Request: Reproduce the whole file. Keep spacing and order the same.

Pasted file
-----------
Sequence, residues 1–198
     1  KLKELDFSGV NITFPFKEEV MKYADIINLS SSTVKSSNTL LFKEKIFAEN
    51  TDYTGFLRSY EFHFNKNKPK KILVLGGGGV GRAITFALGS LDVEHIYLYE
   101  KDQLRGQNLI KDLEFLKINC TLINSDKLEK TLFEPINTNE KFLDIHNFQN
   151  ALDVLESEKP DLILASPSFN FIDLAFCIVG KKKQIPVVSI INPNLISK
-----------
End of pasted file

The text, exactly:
Sequence, residues 1–198
     1  KLKELDFSGV NITFPFKEEV MKYADIINLS SSTVKSSNTL LFKEKIFAEN
    51  TDYTGFLRSY EFHFNKNKPK KILVLGGGGV GRAITFALGS LDVEHIYLYE
   101  KDQLRGQNLI KDLEFLKINC TLINSDKLEK TLFEPINTNE KFLDIHNFQN
   151  ALDVLESEKP DLILASPSFN FIDLAFCIVG KKKQIPVVSI INPNLISK